Strawberries and red bean paste fill these delicate mochi desserts. (Photo by Tressa Dale/Peninsula Clarion)

Strawberries and red bean paste fill these delicate mochi desserts. (Photo by Tressa Dale/Peninsula Clarion)

On the strawberry patch: The zen of Mochi

This delicate Japanese sweet takes patience to master

I thought I was dreaming when the cranes woke me early Sunday morning.

I looked out on the ice and saw the little family of three padding along and joyfully announcing their return to their summer home. I remembered the birth of their little chick, the fluffy, gangly baby who has grown into the majestic adolescent I see now, and I am so grateful to witness life’s circle turning.

It has been a trying springtime for me and my family, a time of urgency and painful transition, but the return of the cranes has sparked new hope in me.

In Japanese tradition, the crane is a symbol of love, good fortune and longevity, and it is said that a person who folds 1,000 origami cranes will be gifted one wish by a deity.

I have never been patient or meticulous enough to master the art of paper folding, but I am willing to try for the chance that my wish might be granted, and the cloud over my heart might be dissolved in a ray of sunshine to be carried away on the wings of the cranes.

This Japanese dessert is also meant for good luck, and requires the zen of experience to master. It is a fitting challenge for a time dedicated to growth and acceptance of the order of life.

Strawberry Red Bean Mochi

Ingredients for red bean filling:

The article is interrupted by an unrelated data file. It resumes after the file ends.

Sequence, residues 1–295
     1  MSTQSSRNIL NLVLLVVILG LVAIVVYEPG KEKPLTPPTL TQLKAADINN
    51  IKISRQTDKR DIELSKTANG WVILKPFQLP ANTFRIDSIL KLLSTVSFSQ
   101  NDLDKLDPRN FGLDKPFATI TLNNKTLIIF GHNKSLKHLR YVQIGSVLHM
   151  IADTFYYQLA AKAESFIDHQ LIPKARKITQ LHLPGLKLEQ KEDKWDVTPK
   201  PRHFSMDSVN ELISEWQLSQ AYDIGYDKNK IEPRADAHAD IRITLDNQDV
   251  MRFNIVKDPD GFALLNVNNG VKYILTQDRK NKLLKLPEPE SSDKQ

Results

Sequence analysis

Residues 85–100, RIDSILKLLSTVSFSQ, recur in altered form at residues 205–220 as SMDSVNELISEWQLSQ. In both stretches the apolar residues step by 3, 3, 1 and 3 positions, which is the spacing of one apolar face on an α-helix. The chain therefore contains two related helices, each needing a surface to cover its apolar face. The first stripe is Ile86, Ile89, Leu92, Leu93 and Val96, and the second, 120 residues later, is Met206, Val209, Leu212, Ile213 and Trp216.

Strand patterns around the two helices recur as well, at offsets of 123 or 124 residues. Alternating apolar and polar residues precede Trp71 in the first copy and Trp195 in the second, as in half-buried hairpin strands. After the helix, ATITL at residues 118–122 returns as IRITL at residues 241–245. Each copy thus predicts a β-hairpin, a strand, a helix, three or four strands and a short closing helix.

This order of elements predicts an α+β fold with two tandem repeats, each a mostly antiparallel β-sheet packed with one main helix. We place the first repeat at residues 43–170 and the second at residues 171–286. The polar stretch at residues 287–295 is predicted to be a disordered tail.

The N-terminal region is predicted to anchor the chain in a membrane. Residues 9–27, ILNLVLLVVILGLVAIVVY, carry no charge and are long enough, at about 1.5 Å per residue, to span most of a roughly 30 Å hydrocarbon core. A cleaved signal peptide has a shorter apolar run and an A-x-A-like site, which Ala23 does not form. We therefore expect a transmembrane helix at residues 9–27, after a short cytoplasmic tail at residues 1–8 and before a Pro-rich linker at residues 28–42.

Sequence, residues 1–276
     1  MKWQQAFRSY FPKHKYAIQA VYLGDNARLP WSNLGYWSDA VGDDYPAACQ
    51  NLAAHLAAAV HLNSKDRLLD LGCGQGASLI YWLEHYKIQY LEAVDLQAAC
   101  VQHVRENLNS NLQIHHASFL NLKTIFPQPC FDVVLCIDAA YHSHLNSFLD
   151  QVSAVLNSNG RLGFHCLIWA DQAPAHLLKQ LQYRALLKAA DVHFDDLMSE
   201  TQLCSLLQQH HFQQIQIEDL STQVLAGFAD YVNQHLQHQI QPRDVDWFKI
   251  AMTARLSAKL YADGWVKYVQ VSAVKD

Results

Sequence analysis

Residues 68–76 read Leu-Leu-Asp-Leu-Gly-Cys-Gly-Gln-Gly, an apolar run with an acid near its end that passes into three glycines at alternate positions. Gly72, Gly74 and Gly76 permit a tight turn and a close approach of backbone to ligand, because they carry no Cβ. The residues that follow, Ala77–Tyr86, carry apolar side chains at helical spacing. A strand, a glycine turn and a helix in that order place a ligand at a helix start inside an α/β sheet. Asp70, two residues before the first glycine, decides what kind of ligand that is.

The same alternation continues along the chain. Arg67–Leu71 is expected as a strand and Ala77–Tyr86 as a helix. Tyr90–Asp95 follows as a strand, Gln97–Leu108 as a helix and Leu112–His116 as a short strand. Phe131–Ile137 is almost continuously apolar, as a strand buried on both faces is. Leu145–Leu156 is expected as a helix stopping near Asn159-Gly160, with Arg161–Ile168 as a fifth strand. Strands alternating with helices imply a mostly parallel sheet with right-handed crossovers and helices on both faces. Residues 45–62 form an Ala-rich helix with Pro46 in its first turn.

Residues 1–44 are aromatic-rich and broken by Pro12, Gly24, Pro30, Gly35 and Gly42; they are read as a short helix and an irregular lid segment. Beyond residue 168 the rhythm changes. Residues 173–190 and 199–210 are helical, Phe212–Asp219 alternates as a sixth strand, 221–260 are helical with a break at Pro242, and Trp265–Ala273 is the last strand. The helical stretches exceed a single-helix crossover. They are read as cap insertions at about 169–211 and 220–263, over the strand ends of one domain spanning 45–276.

1 cup dried red azuki beans

¾ cup brown sugar

Pinch salt

Directions for bean paste:

Boil beans in water for 2 hours until mushy.

Drain and press through a fine mesh strainer to remove the skins.

Allow the excess water to separate from the bean solids, then gently pour out the excess water.

Add sugar and salt and stir to combine.

Note: If you can find a can of sweet red bean filling in an Asian grocery store you will save yourself a lot of time, but the flavor will be slightly different.

Ingredients for mochi:

1 cup sweet rice flour

¼ cup sugar

1 cup water

Cornstarch for dusting

8 strawberries (small to medium sized, washed, thoroughly dried and top removed)

Directions:

Mix the rice flour, sugar and water in a microwave-safe bowl.

Cover the bowl with plastic wrap and microwave for 3 minutes.

Remove and stir, cover again, and microwave for another 30 seconds.

The dough will be very sticky and hot.

Generously dust your surface with cornstarch and turn the dough out onto it.

Cover the top of the dough with cornstarch as well.

Use a sharp knife or pastry cutter to divide the dough into 8 equal portions.

Gently flatten one portion of dough into a disk.

Spread about a teaspoon of bean paste onto the center of the disk, then place your strawberry in the center.

Very gently wrap the dough up to cover the strawberry. Use plenty of cornstarch on your hands to prevent sticking and handle them delicately or the dough may tear.

Roll the ball in your hands for 30 seconds to be sure it is sealed.

Store the mochi seamside down.

Repeat with the rest of the dough and strawberries.

Store in the refrigerator and eat within three days.

The leftover bean paste is delicious on toast and pancakes or stirred into oatmeal for a sweet protein boost. If you want to skip the red bean paste entirely, chocolate hazelnut spread would be an outstanding substitute.

For ice cream mochi, use a small scoop to portion balls of ice cream onto a tray and freeze solid before wrapping in mochi dough. Return immediately to the freezer and store frozen until ready to serve. Green tea ice cream and mango sorbet are popular choices for this application.